DWI is serious business in Texas. The criminal justice process gives conviction on a charge of driving while intoxicated personally and professionally devastating consequences. It can cost you a suspended driver’s license, thousands of dollars in fines and fees, and it could cost you your job and affect your future prospects.
At the Law Offices of Willie D. Powells III and Associates, PLLC in Houston, we provide aggressive defense for individuals arrested and charged with DWI. You are not just another number to us. We are always available by phone, email, or text and work hard to obtain the best possible outcome in your case.
How Is DWI Defined in Texas?
Each state has specific laws defining driving while intoxicated. As stated in the Texas Penal Code, Title 10, Chapter 49, “intoxicated” means:
- “Not having the normal use of mental or physical faculties by reason of the introduction of alcohol, a controlled substance, a drug, a dangerous drug, a combination of two or more of those substances, or any other substance into the body; or
- Having an alcohol concentration of .08 or more.”
The blood alcohol concentration (BAC) legal limit is lower (.04%) for drivers under the age of 21 and commercial drivers operating under a CDL (commercial driver’s license).
What Are the Penalties for DWI?
Penalties for a first time DWI depend on your BAC and other aggravating factors, such as an open container in the vehicle. With a BAC of .08% or greater but less than .15%, you face:
- Fine of no more than $2,000
- Three to 180 days jail time
- Driver’s license suspension for 90 to 365 days
If your BAC was .15% or higher, possible fines increase to not more than $4,000 and maximum possible jail time increases to up to one year. If you had an open container in the car at the time of arrest, minimum jail time increases to six days.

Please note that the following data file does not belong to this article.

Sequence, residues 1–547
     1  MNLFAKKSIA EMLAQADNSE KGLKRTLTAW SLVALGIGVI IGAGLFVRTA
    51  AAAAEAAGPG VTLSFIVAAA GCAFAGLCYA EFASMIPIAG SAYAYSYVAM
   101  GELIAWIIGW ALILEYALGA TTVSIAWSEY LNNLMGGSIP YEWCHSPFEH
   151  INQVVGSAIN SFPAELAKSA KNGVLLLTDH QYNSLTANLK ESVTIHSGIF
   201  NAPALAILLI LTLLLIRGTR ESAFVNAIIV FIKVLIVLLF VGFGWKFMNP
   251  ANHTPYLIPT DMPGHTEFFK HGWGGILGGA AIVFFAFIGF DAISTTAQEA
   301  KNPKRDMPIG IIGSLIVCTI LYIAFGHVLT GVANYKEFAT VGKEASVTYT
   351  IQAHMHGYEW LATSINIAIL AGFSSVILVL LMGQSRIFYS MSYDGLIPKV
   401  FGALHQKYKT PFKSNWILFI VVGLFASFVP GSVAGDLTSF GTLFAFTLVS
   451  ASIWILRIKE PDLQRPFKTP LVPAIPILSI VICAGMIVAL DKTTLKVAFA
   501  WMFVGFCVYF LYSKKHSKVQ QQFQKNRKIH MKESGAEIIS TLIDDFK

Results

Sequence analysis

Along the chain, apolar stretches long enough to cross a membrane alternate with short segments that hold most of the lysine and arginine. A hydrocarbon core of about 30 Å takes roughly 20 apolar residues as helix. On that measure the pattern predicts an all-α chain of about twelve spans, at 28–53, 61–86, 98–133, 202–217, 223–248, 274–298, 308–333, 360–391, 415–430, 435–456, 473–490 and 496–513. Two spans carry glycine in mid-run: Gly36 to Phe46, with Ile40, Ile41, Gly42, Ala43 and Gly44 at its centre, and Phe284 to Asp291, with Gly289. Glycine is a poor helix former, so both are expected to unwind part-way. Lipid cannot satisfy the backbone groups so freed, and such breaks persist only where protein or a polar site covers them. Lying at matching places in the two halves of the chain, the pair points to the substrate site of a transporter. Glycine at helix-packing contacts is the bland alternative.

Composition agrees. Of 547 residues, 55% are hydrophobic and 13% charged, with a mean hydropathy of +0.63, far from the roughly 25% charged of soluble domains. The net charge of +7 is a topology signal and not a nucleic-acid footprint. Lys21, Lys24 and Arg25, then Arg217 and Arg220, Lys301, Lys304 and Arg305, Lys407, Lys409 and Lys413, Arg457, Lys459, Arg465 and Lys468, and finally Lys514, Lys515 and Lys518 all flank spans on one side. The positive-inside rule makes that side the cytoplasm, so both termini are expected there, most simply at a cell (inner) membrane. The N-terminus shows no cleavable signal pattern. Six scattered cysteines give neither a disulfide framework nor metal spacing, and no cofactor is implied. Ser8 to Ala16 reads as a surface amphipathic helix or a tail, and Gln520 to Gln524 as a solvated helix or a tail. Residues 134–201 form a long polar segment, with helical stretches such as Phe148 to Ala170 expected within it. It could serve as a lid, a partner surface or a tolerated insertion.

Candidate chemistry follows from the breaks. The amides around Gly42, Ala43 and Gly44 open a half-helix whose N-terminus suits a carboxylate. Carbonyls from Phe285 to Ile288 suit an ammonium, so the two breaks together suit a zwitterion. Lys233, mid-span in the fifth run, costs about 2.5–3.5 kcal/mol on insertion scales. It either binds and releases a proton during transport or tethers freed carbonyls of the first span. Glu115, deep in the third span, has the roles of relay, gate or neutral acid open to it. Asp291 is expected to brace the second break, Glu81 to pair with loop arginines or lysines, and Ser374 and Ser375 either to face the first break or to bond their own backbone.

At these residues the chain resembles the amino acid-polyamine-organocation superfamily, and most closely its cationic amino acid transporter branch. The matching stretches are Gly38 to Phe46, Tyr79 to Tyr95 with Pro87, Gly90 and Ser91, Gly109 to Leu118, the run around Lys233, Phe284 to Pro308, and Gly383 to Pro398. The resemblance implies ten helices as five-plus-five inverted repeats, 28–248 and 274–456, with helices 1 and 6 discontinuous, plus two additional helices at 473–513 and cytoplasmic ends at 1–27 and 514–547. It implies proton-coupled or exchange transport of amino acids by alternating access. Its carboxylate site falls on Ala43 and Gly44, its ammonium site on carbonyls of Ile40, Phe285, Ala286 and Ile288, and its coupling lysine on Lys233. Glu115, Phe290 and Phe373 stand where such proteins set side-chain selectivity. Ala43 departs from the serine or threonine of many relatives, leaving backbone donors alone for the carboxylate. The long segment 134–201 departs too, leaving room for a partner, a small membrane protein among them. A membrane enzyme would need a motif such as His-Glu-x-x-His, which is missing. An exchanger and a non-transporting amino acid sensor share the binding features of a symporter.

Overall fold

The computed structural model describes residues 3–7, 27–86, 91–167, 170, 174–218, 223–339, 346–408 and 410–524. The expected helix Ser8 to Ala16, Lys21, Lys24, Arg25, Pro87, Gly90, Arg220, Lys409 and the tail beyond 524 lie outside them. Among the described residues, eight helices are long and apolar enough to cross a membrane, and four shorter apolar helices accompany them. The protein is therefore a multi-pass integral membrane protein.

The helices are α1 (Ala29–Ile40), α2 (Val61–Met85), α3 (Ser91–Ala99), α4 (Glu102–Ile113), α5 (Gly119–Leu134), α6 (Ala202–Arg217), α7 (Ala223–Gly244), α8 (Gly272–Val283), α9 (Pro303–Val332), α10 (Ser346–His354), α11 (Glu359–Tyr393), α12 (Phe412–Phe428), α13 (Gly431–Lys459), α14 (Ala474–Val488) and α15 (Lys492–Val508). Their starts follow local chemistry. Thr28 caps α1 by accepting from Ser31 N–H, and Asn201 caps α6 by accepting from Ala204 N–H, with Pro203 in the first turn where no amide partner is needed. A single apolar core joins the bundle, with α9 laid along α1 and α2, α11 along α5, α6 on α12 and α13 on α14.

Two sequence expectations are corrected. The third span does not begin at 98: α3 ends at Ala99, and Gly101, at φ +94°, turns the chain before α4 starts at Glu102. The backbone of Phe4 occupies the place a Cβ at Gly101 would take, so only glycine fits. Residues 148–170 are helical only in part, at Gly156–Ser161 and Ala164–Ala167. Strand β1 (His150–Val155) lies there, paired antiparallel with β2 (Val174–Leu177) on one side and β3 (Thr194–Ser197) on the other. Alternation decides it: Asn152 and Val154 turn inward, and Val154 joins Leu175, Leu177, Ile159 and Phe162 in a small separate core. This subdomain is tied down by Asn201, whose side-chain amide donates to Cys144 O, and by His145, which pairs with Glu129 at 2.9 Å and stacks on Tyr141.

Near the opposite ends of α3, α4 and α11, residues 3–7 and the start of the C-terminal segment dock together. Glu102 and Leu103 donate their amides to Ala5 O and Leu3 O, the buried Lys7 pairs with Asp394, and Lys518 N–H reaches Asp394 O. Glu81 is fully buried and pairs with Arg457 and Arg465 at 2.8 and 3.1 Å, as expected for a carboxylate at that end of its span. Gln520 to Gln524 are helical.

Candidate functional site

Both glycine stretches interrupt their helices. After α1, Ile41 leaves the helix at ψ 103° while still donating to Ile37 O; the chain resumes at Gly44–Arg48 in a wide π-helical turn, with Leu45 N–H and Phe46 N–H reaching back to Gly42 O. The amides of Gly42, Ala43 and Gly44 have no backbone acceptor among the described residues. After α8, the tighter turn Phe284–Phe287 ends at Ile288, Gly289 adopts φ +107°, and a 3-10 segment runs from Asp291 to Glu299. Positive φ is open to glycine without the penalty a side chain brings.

Defenses against DWI in Texas
If you have been arrested for DWI, law enforcement officials have undoubtedly collected evidence to support the case against you. Even in the face of existing evidence, there may be ways to mount an effective defense. Your best course of action after a DWI arrest is to consult with an experienced DWI attorney as soon as possible.
Traffic Stop Defenses
A police officer must have reasonable suspicion of a violation of the law to make a traffic stop. Reasonable suspicion must be based on articulable (capable of being expressed, explained, or justified) facts that criminal activity is occurring. Reckless behavior, such as speeding, swerving, and erratic driving may create reasonable suspicion and justify a traffic stop.
If the police officer does not have reasonable suspicion to make a traffic stop, any evidence collected while you were detained may be found to be inadmissible in court. This includes results of field sobriety testing, breath tests, and blood tests.
Even if the officer has reasonable suspicion, probable cause to believe you are intoxicated is still needed for the officer to detain you beyond issuing a traffic ticket or executing the purpose of the stop.
Field Sobriety Test Defenses
Police officers in Texas typically use three field sobriety tests:
- Walk and turn: The person is ordered to take nine heel-to-toe steps along a straight line, then directed to turn on one foot and continue the same way in the opposite direction.
- One-leg stand: The person stands with one foot approximately six inches off the ground and counts aloud by thousands until told to stop.
- Horizontal gaze nystagmus (HGN): This test measures the involuntary jerking of the eye (nystagmus) when it gazes to the side, thought to be exaggerated by alcohol. The person is asked to follow an object 12 to 15 inches away with the eyes only.
Designed to measure concentration and motor skill as an indicator of intoxication, these field sobriety tests are flawed. Results can vary significantly depending on the person’s weight, fatigue level, medical conditions, coordination and balance, and environmental conditions.
Breath and Blood Test Defenses
Technology employed in breath testing for alcohol is not infallible. Results can be affected by a number of factors, including residual mouthwash, recent dental work, breath temperature, body weight, medical conditions, and the maintenance and calibration of the machine. Probable cause is needed for a blood test, and accuracy of blood testing may be compromised by human error during collection, handling, testing or analysis of a sample.